Rail Ventures: Traveling with Mitchell Wolfson, Jr.

“Trains to me symbolized freedom and discovery. I was born with train love,” said Wolfsonian founder Mitchell Wolfson, Jr., who as a boy dreamed of owning a railcar. As an adult, he surpassed that dream, ultimately owning three historic railcars, two of which he took on extensive trips across the United States and into Canada and Mexico during the 1980s and early 1990s.

All told, Wolfson, along with 438 guests, logged 124,450 miles during 24 trips, many of which lasted for multiple weeks, adding up to 505 days on the rails. These trips were the focus of the public program Rail Ventures on April 28, a panel discussion with Wolfson; John Reed, who organized the trips; and Sam Boldrick, former curator of the Florida Collection at the Main Library of the Miami-Dade Public Library System. The discussion was moderated by historian Paul George.

Rail Ventures was organized in conjunction with the exhibition Beyond the Rails: Notes on Trains, Travel, and Society on view at the Freedom Tower (MDC Museum of Art & Design) from March 27 through April 28. Drawn from the collection of The Wolfsonian–FIU/Downtown, the exhibition was produced by students as part of a year-long Museum Studies course held at the The Wolfsonian’s downtown facility for Miami Dade College and New World School of the Arts. The course was co-taught by Lea Nickless, collections manager for The Wolfsonian–FIU/Downtown. The panel discussion was organized by the students.

“Florida was made by the railroad. If not for the railroad, we would not be here today. The train is what really opened us to the world,” Wolfson said, adding that train travel is in the blood of Floridians. It was certainly in his blood, and he passed that enthusiasm along to his travel companions, although it could take a bit of time, as he recalled.

Many of Wolfson’s guests boarded the 1920s railcars anticipating a grand adventure, only to realize that they would be traveling, often for weeks, in cramped quarters with limited bathroom and shower facilities. “The first meal was always a nightmare. You could see the desperation in their eyes, wondering if they could get off at the next station. Then, after dinner, they would sit on the platform and when they came back inside they would be completely black with dust. We knew we had them then,” he said.

The railcars were The Hampton Roads, built by Pullman Company in 1926 and The Clover Colony, a standard Pullman sleeping car from 1920, acquired by Wolfson in 1985 and 1986, respectively. That first purchase came as a surprise to Reed, who managed many of Wolfson’s business dealings. “I didn’t know anything about railcars. When this man said, ‘I bought a new car,’ I thought he meant a Cadillac. He said, ‘No, you know, a Pullman,’ ” recalled Reed, who spent much of the next several years organizing the trips, including such adventures as a fifty-two day cross-country trek with stops in thirty-five towns and cities. “They were magical trips. People still talk about them,” he said.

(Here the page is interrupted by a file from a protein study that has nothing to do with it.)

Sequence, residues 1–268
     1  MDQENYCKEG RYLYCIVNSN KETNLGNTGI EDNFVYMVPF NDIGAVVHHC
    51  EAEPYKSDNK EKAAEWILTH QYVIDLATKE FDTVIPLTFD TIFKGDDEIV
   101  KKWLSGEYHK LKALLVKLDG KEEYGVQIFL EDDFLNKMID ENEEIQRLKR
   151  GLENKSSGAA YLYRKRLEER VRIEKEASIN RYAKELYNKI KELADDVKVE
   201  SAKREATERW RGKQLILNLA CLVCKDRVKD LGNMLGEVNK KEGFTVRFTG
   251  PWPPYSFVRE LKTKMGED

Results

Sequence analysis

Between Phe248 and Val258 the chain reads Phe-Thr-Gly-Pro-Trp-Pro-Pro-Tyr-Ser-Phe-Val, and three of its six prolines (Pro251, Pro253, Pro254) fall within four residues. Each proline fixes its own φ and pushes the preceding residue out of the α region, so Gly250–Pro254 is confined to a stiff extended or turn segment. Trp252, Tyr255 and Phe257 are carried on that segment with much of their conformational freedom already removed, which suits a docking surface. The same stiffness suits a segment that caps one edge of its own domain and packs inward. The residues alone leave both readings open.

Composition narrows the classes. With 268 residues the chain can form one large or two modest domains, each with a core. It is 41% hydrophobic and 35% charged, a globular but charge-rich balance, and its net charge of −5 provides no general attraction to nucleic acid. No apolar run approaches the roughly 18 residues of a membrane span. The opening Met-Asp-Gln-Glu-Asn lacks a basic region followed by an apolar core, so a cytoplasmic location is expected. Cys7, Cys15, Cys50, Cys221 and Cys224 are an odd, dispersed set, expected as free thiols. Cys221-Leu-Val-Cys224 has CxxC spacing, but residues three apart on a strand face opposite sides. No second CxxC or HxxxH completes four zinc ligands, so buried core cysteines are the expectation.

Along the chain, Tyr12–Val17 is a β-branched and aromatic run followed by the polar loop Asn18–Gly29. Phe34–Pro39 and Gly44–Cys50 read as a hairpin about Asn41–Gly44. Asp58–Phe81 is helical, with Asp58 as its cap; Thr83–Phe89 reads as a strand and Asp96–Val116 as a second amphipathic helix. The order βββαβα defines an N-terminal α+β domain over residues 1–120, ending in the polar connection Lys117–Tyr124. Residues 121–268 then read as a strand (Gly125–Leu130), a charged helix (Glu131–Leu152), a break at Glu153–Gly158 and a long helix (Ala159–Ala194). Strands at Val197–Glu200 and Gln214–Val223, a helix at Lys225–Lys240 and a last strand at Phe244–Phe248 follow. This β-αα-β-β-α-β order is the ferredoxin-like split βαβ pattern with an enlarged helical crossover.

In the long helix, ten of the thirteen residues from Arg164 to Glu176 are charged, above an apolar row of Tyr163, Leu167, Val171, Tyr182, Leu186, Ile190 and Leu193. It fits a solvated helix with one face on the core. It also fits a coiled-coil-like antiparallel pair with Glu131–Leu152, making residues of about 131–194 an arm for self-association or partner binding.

“What was it like to travel with Micky?” George asked.

“It was Cirque du Soleil,” Reed replied.

That impression was reinforced as the panelists mentioned highlights of some of the trips. Wolfson told of traveling by rail directly to the front door of the governor general’s home in Quebec for a promised, lavish dinner; being chased through a railcar by an irate, knife-wielding chef in Montgomery, Alabama; making purchases en route, such as cemetery gates from Savannah and the back door of Buffalo’s city hall; and watching a turkey fly through the railcar after escaping from the kitchen of a newly hired Austrian chef.

“The best part of the trips was the other passengers,” said Boldrick. “Micky was able to put together the most diverse groups of people.” Wolfson spoke of guests as wide-ranging as Alexander and Mimi Romanoff and one of his family’s domestic employees, Cora Lee, whose first trip outside of Florida was on the railcar.

The rail travels ended with Hurricane Andrew in 1992. At the time, the railcars were housed in a shed at the Gold Coast Railroad Museum and during the storm the structure collapsed, crushing the railcars.

The trips themselves were in many ways a nod to the golden age of rail travel. “The jet ruined the railroad and it ruined steamship travel. You couldn’t complete with the jumbo jet, with six hours instead of six days,” Wolfson noted. But for several years, he and his guests had a taste of what rail travel once was. “The trips were all spectacular. People fell in love on the train. It was an amazing, amazing adventure.”

Captions (click below to enlarge):

Top:

Mitchell Wolfson, Jr. and Paul George
Photo: Courtesy of MDC Museum of Art + Design

Bottom:

From left, Mitchell Wolfson, Jr., Paul George, Sam Boldrick, and John Reed
Photo: Courtesy of MDC Museum of Art + Design

John Reed
Photo: Courtesy of MDC Museum of Art + Design

Mitchell Wolfson, Jr. with students from Miami Dade College and New World School of the Arts who completed the year-long Museum Studies course
Photo: Courtesy of MDC Museum of Art + Design

Installation view, Beyond the Rails: Notes on Trains, Travel, and Society
Photo: Courtesy of MDC Museum of Art + Design

 

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Rail Ventures: Traveling with Mitchell Wolfson, Jr.
Rail Ventures: Traveling with Mitchell Wolfson, Jr.
Rail Ventures: Traveling with Mitchell Wolfson, Jr.
Rail Ventures: Traveling with Mitchell Wolfson, Jr.